Morocco’s Jawad El Yamiq struggling with an injury.

Morocco’s Jawad El Yamiq writhes in apparent pain during a World Cup match against Spain on Tuesday.

Photo by Clive Brunskill/Getty Images

The World Cup is opera for the people

If you approach it like that, if you see the overacting and the outrageousness as a drama that must be sung loudly to be heard, then you might start to embrace it.

I was once like many of you in regard to the World Cup: lost, lonely, looking for love in all the wrong places. Scorning, ridiculing. Mocking soccer for being effete.

I was reminded of this when Portugal coach Fernando Santos benched superstar Cristiano Ronaldo for a round-of-16 match and then again for much of the next match. He had expressed frustration with Ronaldo’s attitude. Now, I ask all the tough guys and gals out there: What coach in the four major professional American sports leagues would bench his most important player during one of the most important stretches of the year?

None.

Sit Steph Curry in the NBA Finals? Replace Tom Brady in the Super Bowl?

Never.

It would be preposterous beyond belief. But that’s just it. Your typical World Cup game is beyond belief — the weeping fans, the flopping players, the bumbling referees. So a sulking superstar? Par for the course. The World Cup is opera, and if you approach it like that, if you see the overacting and the outrageousness as a drama that must be sung loudly to be heard, then you might start to embrace it.

Even some of the things I still have trouble understanding come a little easier when I think of the World Cup in operatic terms. Players often fake injuries, always theatrically, hoping to get the referee to give an opponent a yellow card, which is like basketball’s technical foul. This strikes many Americans as wimpy. Even if you are hurt, rub some dirt on it and get back in there, right? But in a sport that offers much athleticism but very little scoring, you learn to take your entertainment where you can find it.

During one recent match, I saw a player collide with an opponent in what I would call a fairly typical soccer play. Judging by the way he threw himself to the ground and then by the way he lay still, you wouldn’t have been wrong to think you had just witnessed his last moments on earth. Unfortunately, the unfeeling or blatantly blind referee didn’t blow his whistle, and the ball started moving toward the other end of the pitch. The camera stayed on the player a long while, long enough to show one eye being opened furtively. It was like a child checking to see if the coast was clear after being put to bed.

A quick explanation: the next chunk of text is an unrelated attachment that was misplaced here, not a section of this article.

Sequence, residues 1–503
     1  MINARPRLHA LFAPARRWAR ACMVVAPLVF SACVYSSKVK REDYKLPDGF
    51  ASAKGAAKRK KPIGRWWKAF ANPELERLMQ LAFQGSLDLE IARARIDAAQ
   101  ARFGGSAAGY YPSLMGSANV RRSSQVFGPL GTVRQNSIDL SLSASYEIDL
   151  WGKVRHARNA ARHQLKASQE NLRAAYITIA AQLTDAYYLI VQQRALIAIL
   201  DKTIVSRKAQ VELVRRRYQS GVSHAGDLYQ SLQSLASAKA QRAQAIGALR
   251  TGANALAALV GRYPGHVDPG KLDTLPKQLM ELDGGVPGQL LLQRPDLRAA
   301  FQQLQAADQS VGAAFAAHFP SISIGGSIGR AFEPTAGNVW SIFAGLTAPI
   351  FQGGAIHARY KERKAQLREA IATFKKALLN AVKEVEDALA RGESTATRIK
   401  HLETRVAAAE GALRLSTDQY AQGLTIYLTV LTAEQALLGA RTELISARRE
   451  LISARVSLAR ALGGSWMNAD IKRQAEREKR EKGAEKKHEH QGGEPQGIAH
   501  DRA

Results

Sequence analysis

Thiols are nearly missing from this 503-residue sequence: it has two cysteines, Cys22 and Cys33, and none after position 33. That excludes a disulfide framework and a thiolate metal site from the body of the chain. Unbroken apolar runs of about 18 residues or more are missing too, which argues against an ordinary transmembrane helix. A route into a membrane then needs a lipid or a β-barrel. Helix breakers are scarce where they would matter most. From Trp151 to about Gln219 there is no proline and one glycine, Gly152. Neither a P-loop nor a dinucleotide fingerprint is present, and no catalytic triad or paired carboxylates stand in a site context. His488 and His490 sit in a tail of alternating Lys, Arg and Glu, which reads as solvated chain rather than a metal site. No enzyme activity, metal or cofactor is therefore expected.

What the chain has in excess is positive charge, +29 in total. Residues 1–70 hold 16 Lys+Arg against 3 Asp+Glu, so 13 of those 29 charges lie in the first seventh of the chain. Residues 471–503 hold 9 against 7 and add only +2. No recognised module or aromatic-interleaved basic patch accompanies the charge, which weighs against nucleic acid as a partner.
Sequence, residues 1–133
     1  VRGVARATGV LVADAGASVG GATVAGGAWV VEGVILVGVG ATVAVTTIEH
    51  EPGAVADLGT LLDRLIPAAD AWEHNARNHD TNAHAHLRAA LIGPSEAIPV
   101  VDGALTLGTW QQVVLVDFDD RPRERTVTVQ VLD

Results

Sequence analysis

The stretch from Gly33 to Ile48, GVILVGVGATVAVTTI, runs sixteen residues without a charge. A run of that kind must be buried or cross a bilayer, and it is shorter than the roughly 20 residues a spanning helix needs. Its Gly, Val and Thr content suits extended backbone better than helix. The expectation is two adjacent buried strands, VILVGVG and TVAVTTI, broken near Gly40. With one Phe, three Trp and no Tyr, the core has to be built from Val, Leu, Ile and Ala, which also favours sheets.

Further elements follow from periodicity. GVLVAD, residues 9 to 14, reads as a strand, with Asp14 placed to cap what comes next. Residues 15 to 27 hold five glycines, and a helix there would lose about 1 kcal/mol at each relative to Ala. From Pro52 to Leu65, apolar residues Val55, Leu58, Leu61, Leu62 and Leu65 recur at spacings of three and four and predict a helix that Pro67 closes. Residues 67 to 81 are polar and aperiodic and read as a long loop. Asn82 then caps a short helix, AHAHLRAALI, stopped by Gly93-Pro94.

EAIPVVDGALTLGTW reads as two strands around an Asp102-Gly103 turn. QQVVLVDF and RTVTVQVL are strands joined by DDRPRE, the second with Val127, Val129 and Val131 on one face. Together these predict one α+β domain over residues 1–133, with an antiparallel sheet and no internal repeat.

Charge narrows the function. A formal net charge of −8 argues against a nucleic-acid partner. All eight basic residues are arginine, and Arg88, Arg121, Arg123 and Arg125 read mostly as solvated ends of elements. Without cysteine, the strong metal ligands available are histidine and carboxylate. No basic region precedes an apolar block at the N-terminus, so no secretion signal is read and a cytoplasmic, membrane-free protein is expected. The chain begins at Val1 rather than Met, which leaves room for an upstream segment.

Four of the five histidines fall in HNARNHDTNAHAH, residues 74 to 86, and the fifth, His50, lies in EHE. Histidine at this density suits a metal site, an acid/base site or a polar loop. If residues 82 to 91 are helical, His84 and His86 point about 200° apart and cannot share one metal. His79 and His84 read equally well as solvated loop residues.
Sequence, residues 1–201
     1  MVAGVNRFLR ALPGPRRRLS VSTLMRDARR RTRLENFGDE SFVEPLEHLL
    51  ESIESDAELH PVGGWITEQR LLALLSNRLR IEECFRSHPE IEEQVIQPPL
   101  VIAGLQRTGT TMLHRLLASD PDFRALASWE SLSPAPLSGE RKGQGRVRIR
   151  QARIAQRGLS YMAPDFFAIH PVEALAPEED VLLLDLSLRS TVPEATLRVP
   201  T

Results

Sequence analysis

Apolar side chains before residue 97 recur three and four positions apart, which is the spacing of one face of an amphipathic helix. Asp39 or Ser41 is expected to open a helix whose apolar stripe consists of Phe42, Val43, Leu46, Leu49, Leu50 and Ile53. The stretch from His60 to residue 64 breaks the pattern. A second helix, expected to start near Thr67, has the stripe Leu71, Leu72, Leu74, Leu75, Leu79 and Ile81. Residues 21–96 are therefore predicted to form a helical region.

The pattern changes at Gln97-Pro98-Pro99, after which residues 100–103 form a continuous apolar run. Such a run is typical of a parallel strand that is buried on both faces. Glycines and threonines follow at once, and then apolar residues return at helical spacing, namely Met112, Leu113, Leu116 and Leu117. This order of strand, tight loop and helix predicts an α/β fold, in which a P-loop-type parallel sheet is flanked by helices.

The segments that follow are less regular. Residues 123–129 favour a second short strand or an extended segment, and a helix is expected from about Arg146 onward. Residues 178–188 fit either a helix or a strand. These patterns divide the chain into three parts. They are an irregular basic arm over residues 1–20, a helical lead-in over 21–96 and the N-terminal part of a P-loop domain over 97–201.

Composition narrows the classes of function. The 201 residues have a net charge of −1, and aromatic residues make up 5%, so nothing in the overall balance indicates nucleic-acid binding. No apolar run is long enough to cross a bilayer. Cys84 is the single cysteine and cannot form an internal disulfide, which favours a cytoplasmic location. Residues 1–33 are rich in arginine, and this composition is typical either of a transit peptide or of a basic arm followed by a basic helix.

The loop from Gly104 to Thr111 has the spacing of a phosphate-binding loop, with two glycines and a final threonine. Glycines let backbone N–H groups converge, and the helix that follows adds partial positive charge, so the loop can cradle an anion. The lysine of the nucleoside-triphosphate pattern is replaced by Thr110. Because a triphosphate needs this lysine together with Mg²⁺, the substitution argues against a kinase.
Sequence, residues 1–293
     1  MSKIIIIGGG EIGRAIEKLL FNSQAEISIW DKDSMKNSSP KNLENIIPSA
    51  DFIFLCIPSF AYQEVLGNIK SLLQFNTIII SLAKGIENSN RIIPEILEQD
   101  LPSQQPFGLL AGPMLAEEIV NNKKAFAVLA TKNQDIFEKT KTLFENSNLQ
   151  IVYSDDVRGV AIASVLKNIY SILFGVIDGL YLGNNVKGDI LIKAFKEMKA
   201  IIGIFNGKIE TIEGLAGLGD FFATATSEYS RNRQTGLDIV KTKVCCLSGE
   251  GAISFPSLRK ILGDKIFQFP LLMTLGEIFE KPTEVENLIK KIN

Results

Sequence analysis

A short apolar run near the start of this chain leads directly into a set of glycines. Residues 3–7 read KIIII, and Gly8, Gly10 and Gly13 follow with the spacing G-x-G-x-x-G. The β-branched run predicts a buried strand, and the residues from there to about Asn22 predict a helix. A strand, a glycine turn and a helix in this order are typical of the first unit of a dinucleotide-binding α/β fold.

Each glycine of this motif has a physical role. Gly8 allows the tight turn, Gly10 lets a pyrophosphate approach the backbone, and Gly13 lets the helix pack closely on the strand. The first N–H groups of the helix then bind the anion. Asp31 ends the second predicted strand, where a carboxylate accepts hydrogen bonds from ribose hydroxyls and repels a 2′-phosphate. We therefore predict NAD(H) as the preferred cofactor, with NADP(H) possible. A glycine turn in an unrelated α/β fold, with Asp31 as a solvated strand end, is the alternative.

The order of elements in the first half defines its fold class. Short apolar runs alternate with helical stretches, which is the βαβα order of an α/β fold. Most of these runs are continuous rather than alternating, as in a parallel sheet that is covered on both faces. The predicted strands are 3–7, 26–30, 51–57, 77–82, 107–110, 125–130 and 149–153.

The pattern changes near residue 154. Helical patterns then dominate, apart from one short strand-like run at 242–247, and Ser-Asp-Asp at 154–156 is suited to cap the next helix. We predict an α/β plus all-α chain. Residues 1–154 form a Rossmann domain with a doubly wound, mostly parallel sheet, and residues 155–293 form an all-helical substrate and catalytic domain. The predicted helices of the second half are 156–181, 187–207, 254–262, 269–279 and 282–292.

Finally, the frustrated player stood up. Here was the whole span of human evolution come to life, from primordial ooze (player in fetal position) to hunched-over hominid (limping player) to Homo sapiens (player now running at full speed!), all in a 10-second span. There was not a hint of embarrassment on the player’s face. Spectacular.

And then we were off, all of us, player and spectator alike, waiting for the next flourish.

Friday’s Brazil-Croatia quarterfinal match had everything a good opera has — pain, intrigue, love, hate and human weakness. When Neymar broke a scoreless tie by splitting two defenders and stutter-stepping past the goalie in the 105th minute, it brought on a massive outpouring of laughter and tears among Brazilians in the stadium because . . . what did you expect in a soccer celebration, where the line between opposite emotions is almost nonexistent? You will never see an NFL coach celebrate the way a World Cup coach celebrates a goal to give his team a 1-0 lead. You’d sooner see Bill Belichick in a party dress.

Everyone was so overcome after Neymar’s goal that they forgot there was still the rest of the game to be played. Croatia didn’t, scoring in the 117th minute and then winning on penalty kicks to stun the Brazilians. Here’s where our four major sports and soccer can agree: Brazil coach Tite is a fool. He decided to save Neymar, one of the best players in the sport’s history, for his team’s fifth and final penalty kick. Croatia won before Neymar got his chance. I wonder if Tite and Joe Maddon are friends.

By focusing on human emotions, I do an injustice to the athleticism that has been on display at the World Cup. The Netherlands made six perfect passes en route to Memphis Depay’s goal during a quarterfinal match against the United States. It was a thing of beauty, as was Christian Pulisic’s rush-the-net, safety-be-damned goal for the U.S. in an earlier match against Iran. Over and over, we’ve seen stuff like that from Qatar.

OK, back to the spectacle that is the World Cup. Little Morocco taking down big, bad Spain and big, bad Portugal? A story as old as time, but a story that never gets old.

And then the small stuff. By that I mean, exactly how much time and attention has gone into players’ hairstyles? Have you noticed how well their hair keeps during matches? The battle for mirror time between halves must be epic. (You’ll want to know if The Barber of Seville works a chair there. I can’t help you.)

I love the cushy race-car seats coaches and subs use. It’s as if the first-class cabin of an airplane has been plopped inside a stadium. More wine, Mr. Ronaldo?

The whole thing is great. The pompadour and circumstance. Some of you — many of you? — don’t see it that way. You find it all painfully boring. Fair enough. Opera isn’t for everybody, and neither is soccer. Some soccer fans don’t care if others dislike their sport. Some soccer fans want others to love it the way they do.

Here’s my advice to everyone: Enjoy the show, because that’s what it is.

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